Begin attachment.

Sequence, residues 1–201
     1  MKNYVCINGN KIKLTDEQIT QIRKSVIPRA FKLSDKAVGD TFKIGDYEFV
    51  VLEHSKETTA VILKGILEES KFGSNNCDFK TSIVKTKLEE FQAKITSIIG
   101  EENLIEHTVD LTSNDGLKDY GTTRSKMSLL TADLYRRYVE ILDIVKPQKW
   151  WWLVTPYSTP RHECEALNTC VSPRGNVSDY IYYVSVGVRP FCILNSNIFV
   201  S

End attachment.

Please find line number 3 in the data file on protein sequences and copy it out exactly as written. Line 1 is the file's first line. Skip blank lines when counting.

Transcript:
    51  VLEHSKETTA VILKGILEES KFGSNNCDFK TSIVKTKLEE FQAKITSIIG